Marcus W. Robbins (S) 4.1%

Montana[edit]

This was the last time Montana used an at-large district until its representation was reduced to one in 1992. This was also the first time a woman was elected to Congress.

District Incumbent Party First
elected
Result Candidates
Montana at-large
2 seats on a general ticket
John M. Evans Democratic 1912 Re-elected John M. Evans (D) 26.7%
Jeannette Rankin (R) 24.3%

Harry B. Mitchell (D) 22.3%
George W. Farr (R) 21.2%
John McGuffey (S) 2.8%
Albert F. Meissner (S) 2.7%
Tom Stout Democratic 1912 Retired
Republican gain

South Carolina[edit]

District Incumbent Party First
elected
Result Candidates
South Carolina 1 Richard S. Whaley Democratic 1913 (special) Re-elected Richard S. Whaley (D) 95.4%
J. O. Ladd (R) 4.6%
South Carolina 2 James F. Byrnes Democratic 1910 Re-elected James F. Byrnes (D) 98.5%
Isaac Myers (R) 1.5%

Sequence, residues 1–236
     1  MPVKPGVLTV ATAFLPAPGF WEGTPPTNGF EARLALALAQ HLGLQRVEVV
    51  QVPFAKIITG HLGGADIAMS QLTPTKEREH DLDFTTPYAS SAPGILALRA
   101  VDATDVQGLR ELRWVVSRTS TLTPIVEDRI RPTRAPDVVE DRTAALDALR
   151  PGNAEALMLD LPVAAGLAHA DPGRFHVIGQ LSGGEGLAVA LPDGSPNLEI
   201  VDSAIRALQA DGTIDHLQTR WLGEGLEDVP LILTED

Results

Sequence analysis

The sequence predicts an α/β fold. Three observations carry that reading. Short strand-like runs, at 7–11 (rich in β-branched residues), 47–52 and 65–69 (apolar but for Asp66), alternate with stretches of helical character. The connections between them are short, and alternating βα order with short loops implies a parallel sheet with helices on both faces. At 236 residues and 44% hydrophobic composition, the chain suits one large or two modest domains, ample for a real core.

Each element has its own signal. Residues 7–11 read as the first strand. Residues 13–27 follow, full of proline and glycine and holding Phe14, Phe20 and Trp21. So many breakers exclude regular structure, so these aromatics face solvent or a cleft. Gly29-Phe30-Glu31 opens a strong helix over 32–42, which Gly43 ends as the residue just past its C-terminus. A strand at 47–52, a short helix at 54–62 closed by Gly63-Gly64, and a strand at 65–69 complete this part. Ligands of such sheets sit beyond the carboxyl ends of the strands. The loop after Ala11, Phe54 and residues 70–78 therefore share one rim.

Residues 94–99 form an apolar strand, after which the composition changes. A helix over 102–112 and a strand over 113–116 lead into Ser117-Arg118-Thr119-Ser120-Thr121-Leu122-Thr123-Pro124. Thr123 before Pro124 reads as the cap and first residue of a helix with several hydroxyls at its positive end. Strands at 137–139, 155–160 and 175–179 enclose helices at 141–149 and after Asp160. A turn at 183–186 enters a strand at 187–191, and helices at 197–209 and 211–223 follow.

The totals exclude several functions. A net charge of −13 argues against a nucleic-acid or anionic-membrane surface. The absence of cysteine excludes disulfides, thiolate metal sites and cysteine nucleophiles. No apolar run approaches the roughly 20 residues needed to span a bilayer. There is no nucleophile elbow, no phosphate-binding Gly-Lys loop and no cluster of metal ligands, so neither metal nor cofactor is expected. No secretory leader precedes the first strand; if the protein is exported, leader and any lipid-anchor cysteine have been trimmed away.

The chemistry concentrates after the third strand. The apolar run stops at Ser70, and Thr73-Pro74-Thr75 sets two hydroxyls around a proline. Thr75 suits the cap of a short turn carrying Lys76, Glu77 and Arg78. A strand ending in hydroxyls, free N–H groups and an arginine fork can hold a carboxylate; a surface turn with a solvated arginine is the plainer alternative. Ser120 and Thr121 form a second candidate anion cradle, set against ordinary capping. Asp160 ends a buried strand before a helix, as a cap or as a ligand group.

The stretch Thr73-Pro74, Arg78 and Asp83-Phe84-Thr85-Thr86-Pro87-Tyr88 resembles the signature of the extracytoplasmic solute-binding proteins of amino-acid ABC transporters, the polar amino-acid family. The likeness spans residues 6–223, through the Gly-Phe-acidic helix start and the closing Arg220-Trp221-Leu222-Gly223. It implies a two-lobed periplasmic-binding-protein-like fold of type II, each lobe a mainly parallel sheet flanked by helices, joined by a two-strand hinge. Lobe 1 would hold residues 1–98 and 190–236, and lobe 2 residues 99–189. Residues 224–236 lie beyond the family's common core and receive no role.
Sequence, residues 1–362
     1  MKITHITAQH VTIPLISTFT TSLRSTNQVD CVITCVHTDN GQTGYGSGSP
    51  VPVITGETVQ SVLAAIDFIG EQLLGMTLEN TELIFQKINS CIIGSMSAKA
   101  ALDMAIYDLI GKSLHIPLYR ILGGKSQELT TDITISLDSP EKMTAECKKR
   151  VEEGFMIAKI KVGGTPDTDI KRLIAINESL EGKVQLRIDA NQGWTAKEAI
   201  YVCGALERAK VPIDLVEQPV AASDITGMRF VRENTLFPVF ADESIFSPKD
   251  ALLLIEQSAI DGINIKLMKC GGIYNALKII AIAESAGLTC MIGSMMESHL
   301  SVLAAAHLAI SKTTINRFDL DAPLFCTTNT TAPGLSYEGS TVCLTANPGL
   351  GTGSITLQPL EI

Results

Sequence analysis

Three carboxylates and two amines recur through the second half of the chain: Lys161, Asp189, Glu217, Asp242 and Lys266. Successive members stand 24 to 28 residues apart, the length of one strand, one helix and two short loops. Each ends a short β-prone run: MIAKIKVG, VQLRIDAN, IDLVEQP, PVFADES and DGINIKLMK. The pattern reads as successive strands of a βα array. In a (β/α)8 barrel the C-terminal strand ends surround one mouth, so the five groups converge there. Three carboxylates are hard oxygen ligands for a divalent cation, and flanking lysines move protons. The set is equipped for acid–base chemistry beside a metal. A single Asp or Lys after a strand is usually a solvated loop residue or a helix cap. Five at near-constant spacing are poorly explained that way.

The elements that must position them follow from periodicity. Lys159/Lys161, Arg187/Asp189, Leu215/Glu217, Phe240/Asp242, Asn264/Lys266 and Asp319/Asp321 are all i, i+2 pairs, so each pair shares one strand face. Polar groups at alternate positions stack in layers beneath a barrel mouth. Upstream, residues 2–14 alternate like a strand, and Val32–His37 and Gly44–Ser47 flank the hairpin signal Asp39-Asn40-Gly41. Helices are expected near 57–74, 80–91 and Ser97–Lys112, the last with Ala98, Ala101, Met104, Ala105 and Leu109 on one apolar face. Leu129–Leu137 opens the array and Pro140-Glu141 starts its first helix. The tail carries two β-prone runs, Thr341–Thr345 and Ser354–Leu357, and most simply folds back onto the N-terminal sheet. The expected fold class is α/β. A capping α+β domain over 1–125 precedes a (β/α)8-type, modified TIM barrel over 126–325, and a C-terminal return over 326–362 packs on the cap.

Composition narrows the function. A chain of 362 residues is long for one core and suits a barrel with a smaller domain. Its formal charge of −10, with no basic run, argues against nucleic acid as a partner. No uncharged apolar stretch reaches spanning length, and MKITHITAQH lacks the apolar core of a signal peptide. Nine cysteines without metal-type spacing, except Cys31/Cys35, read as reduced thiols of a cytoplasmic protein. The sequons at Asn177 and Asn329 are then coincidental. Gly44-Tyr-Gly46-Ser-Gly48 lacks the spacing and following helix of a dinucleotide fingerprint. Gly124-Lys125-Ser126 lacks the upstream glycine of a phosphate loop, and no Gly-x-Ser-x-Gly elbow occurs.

South Carolina 3 Wyatt Aiken Democratic 1902 Lost primary
Democratic hold
Frederick H. Dominick (D) 100%
South Carolina 4 Samuel J. Nicholls Democratic 1915 (special) Re-elected Samuel J. Nicholls (D) 99.4%
G. F. Mills (R) 0.6%
South Carolina 5 David E. Finley Democratic 1898 Re-elected David E. Finley (D) 100%
South Carolina 6 J. Willard Ragsdale Democratic 1912 Re-elected J. Willard Ragsdale (D) 99.1%
W. L. McFarlan (R) 0.9%
South Carolina 7 Asbury F. Lever Democratic 1901 (special) Re-elected Asbury F. Lever (D) 93.5%
I. S. Leevy (R) 6.5%

See also[edit]

References[edit]

  1. ^ September 11, 1916 in Maine
  2. ^ Formed a 218-member coalition with Progressives and Socialists
  3. ^ a b At-large seat eliminated in redistricting
  4. ^ Prohibition
  5. ^ Elections held early
  6. ^ Socialist
  7. ^ 1 Socialist and 1 Prohibition